HC Deb 21 March 1989 vol 149 cc898-900
6. Mr. Ashley

To ask the Secretary of State for Health what estimate he has made of the effect on the National Health Service wage bill of allowing individual hospitals to set their own wage and salary rates.

Mr. Kenneth Clarke

None. In common with other White Paper proposals, the aim of freeing self-governing hospitals from central control over pay is to get the best value for money in terms of patient care from the resources that are made available.

Mr. Ashley

I am not surprised that the Secretary of State should try to dodge that question. Is he aware that these proposals are a recipe for chaos, because the BMA simply will not agree to doctors having variable rates, and because those other workers in the National Health Service who may be forced to accept them will be bitterly and deeply resentful? Why does the Secretary of State always allow ideology to override common sense?

Mr. Clarke

There is nothing ideological about it. There are many towns and cities in this country where the district general hospital is the largest single employer, and if it becomes self-governing and local people are put in charge of it, I can see no earthly reason why it should be said that they are not capable of settling the pay and conditions of their own staff if they want to. There would be advantages if they did, because the present national, centralised system is often too inflexible to enable local management to deal with local shortages of skilled staff.

I am sorry if the hon. Gentleman thinks that the BMA will automatically oppose the proposal. Sometimes I too am guilty of leaping to the conclusion that the BMA will always oppose things. Many doctors and other staff in the hospital concerned will feel loyalty to their own hospital and town, and will not be at all averse to the idea that pay and conditions should be settled more locally.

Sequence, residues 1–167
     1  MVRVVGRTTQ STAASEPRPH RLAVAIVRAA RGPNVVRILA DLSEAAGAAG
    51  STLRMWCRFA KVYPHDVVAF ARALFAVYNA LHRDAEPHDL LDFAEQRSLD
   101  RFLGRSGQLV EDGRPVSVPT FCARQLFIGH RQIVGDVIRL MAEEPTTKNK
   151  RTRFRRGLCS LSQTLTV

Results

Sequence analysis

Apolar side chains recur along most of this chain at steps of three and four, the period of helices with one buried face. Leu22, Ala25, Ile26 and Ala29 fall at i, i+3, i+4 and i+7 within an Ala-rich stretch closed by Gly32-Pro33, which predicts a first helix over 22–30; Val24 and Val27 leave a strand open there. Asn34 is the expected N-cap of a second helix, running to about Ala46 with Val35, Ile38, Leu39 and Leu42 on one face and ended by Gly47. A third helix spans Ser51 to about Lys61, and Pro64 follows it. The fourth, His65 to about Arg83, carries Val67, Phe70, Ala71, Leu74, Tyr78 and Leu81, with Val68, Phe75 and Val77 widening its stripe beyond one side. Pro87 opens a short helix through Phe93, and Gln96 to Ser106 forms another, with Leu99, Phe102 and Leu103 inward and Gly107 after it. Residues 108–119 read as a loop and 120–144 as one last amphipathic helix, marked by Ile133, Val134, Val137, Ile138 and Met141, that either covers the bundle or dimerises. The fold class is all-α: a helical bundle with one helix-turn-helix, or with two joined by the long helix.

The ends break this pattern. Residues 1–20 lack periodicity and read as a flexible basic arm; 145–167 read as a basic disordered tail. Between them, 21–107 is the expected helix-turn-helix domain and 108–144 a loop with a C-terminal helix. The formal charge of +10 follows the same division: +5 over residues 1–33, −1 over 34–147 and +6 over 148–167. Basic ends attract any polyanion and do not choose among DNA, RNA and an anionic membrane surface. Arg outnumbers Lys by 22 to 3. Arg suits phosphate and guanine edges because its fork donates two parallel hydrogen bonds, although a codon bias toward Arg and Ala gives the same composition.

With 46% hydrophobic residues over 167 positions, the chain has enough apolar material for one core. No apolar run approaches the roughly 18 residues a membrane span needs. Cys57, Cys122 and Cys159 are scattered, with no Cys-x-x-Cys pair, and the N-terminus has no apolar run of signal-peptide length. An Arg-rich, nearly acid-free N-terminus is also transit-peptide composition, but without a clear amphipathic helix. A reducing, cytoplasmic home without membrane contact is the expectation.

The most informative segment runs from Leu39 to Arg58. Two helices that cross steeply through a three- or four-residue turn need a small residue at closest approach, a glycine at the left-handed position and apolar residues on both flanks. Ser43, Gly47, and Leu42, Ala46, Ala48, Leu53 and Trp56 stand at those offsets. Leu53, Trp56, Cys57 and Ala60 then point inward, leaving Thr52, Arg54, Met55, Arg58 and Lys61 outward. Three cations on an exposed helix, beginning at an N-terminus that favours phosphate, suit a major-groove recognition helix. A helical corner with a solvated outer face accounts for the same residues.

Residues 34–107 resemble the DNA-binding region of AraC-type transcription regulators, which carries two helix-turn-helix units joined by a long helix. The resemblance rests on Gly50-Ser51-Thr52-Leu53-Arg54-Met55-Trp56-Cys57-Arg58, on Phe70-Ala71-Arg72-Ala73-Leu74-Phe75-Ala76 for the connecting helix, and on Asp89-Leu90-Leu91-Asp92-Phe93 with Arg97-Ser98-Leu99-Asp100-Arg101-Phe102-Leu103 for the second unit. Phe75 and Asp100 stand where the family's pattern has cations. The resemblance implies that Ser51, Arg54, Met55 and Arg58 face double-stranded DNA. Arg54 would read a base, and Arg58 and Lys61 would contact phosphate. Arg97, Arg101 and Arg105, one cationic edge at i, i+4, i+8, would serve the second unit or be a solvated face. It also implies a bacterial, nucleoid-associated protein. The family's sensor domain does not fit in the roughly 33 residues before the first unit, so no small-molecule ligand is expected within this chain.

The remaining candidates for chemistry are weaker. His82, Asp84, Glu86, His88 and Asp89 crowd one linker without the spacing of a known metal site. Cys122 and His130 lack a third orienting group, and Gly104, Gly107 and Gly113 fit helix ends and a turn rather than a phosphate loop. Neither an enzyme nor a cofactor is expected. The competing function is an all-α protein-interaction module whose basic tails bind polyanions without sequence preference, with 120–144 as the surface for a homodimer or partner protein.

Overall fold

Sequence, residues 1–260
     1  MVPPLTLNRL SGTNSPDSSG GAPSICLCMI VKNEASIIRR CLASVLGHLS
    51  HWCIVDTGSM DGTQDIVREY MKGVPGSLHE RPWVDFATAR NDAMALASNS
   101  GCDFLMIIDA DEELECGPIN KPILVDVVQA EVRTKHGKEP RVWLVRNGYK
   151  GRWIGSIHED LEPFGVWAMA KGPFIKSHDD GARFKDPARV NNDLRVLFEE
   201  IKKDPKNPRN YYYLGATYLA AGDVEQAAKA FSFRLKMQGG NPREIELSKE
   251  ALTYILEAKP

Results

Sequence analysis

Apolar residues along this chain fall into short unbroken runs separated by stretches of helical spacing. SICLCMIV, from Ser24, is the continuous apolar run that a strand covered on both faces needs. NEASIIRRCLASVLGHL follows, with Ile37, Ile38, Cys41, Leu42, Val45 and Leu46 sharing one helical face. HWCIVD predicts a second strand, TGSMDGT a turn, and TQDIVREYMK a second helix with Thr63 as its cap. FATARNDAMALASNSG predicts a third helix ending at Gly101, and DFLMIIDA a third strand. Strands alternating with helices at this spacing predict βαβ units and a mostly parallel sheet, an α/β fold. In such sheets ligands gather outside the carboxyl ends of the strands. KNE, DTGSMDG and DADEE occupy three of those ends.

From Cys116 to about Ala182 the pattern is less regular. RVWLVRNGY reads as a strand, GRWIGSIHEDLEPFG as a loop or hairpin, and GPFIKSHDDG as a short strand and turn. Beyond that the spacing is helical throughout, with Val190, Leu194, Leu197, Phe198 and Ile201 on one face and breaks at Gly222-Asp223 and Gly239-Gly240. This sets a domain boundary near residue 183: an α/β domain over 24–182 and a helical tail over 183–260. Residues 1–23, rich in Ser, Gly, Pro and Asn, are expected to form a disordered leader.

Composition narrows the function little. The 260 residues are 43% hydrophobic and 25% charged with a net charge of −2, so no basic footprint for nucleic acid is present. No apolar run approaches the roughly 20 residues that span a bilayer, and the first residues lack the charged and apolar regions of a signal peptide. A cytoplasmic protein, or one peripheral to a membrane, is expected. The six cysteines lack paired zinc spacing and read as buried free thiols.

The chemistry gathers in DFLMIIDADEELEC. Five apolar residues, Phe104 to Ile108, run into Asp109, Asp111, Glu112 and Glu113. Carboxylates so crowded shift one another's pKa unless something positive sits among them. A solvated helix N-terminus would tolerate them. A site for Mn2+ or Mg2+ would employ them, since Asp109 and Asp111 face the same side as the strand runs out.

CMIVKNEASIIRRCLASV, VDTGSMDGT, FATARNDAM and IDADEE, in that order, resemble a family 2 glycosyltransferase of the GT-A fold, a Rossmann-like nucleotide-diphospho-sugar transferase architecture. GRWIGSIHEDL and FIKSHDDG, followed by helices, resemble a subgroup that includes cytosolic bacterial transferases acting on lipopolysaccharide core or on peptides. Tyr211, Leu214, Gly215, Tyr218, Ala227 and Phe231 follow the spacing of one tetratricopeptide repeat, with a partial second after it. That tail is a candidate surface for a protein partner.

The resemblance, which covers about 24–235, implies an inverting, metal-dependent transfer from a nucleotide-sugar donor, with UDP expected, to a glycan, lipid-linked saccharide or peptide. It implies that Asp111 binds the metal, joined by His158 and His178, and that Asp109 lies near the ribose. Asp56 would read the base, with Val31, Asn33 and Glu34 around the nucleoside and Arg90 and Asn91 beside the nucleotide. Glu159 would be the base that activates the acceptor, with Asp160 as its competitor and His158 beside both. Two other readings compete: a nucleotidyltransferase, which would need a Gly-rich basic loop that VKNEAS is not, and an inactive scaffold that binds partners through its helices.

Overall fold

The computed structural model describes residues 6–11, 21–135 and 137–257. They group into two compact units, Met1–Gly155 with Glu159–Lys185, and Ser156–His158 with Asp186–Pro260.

Dr. Glyn

Does my right hon. and learned Friend agree that this flexibility will allow us to adjust local conditions, which will probably result in a more efficient service and better pay?

Mr. Clarke

I agree with my hon. Friend, and many people in our great hospitals up and down the country will find this possibility one of the more attractive features of self-government.

Ms. Harman

Is the Minister aware that the Health Service Journal this week carries an advertisement for a finance director for a London teaching hospital, which it indicates is going to opt out? Will he please name that London teaching hospital or, if he does not know the name of it, will he find out and tell me by the end of today? Is it not reprehensible—[Interruption.]

Mr. Speaker


Ms. Harman

Is it not reprehensible that the process of opting out should be done in secrecy and by stealth?

Mr. Clarke

I know that the hon. Lady keeps picketing outside a certain hospital in case it becomes self-governing, but I am not going to help her by letting her know whether she is picketing outside the right one. She will have to find out for herself in due course. When proper applications are put in for self-government, of course they will be dealt with openly; we will publicise them all and discuss them fully with any interested members of the general public. I am not responsible for the advertisements, or even the copy that appear in The Health Service Journal.